Every Friday for the last eight years, the Palestinian village of Bil’in has engaged in nonviolent actions to protest the Israeli occupation. Their resistance was documented in the Oscar-nominated film “5 Broken Cameras.”
That resistance has spread to other villages in the path of the fence. Just Foreign Policy has been following the construction of small tent villages on confiscated farmlands on Fridays since January. Israel’s Supreme Court had ruled that these villages deserve the same protection from immediate dismantling that settlers’ outposts receive.
I participated in a demonstration in Bil’in in January 2006. I was an observer in the Palestinian elections with the Nonviolent Peace Force. Afterward, on Friday, a dozen of us went to Bil’in. After noon prayers, the men came out from the mosque, welcomed us and a few other internationals and Israelis, and led us in a walk through the olive orchards and as close as we could get to the path being bulldozed by Israeli construction workers.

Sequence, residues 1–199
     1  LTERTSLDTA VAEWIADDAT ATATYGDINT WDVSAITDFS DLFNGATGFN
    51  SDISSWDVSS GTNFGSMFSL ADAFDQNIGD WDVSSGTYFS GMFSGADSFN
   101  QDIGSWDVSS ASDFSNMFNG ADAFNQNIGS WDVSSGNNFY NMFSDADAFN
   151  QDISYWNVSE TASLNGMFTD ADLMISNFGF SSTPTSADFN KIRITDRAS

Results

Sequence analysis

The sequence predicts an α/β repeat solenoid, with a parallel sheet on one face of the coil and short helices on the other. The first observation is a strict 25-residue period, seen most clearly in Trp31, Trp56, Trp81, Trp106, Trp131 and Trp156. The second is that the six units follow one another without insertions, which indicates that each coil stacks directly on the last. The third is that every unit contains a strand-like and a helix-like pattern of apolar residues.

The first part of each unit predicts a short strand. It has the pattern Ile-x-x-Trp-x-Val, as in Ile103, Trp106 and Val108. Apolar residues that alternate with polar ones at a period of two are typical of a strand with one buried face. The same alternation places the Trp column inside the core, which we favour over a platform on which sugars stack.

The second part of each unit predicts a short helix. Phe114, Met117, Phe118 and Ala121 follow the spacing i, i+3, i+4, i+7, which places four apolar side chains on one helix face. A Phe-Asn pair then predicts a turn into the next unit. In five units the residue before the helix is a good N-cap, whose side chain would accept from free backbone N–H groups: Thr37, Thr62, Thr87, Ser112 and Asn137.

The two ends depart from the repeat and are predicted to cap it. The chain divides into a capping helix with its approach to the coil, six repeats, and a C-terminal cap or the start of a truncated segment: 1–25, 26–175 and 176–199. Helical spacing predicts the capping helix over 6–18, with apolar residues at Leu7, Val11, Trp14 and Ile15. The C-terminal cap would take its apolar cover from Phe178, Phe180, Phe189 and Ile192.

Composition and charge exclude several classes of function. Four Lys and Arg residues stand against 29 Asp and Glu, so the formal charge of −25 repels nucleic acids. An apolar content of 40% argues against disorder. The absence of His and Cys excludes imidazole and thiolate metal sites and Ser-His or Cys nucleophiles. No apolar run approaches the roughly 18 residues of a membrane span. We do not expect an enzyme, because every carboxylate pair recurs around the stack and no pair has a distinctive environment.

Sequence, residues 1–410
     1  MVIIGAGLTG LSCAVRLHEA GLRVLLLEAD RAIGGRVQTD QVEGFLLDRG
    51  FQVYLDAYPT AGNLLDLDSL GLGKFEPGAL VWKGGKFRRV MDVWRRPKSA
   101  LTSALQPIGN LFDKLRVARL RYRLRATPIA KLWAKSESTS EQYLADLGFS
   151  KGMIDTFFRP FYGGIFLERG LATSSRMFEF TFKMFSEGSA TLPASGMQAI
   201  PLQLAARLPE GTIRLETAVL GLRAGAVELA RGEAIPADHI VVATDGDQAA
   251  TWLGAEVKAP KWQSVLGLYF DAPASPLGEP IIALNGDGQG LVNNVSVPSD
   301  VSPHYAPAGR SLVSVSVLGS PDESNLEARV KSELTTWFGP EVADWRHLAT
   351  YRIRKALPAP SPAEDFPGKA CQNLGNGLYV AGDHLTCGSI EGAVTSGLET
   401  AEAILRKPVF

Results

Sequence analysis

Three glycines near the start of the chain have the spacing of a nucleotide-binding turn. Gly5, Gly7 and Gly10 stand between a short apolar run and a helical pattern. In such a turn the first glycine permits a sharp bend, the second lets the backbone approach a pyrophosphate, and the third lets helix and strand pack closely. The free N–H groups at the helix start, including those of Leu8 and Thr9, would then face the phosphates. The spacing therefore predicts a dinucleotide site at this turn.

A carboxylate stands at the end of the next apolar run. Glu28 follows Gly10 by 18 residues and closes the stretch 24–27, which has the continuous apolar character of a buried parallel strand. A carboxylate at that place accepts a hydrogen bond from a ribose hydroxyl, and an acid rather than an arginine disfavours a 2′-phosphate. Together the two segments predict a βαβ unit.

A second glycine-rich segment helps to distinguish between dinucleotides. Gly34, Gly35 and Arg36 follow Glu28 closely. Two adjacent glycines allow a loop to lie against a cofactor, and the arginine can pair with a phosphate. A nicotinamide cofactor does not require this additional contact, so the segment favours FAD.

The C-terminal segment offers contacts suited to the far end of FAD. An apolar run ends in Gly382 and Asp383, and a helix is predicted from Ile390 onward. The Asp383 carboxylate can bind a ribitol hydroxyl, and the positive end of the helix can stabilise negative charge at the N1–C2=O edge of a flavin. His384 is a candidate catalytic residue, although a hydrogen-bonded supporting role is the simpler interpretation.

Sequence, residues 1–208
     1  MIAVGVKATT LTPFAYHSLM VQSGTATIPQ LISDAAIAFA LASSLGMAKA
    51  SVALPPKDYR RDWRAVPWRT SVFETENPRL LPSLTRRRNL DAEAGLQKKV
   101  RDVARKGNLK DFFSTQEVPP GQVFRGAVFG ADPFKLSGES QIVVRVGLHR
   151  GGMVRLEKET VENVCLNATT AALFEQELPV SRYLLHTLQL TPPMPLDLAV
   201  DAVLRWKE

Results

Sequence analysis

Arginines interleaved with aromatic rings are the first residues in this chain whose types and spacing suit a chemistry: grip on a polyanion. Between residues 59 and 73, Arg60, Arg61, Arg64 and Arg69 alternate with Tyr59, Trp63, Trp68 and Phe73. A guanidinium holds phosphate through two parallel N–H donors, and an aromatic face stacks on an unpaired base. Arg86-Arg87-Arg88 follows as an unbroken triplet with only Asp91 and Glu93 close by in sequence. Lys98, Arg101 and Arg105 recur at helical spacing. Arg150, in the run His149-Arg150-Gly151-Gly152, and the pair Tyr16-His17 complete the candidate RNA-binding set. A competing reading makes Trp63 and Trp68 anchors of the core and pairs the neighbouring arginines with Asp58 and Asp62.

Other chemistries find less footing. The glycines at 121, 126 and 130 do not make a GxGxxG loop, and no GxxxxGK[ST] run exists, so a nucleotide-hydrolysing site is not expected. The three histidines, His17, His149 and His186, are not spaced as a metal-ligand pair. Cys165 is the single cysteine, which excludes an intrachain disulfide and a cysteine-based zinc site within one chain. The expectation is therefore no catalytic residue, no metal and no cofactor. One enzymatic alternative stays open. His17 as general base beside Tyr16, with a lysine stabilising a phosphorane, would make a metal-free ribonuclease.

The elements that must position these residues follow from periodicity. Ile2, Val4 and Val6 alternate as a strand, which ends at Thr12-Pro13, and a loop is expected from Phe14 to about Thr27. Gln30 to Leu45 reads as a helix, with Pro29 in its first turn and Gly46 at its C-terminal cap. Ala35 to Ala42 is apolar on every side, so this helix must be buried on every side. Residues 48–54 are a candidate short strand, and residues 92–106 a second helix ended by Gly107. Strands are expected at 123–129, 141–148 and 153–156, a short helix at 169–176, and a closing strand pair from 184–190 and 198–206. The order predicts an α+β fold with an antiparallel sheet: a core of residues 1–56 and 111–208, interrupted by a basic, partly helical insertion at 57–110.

We couldn’t get to the path because Israeli soldiers lined it. At a distance behind us, some boys threw stones and the soldiers lobbed tear gas above our heads. We stood and talked with the protesters, hearing stories of arrests, of women’s actions, of broken bones and an eye put out by a rubber bullet. Residents had built a shack in the path, the way the settlers do, to gain territory. It was the first Supreme Court ruling that the army could not tear it down. The ruling didn’t last, but the action has led to today’s creative moments.
When the press mentions nonviolent resistance at all, it bemoans its absence. See “5 Broken Cameras.” At recent Friday protests, the soldiers have fired real bullets as well as tear gas and rubber bullets. But the people still walk through their confiscated fields and the boys still throw stones.
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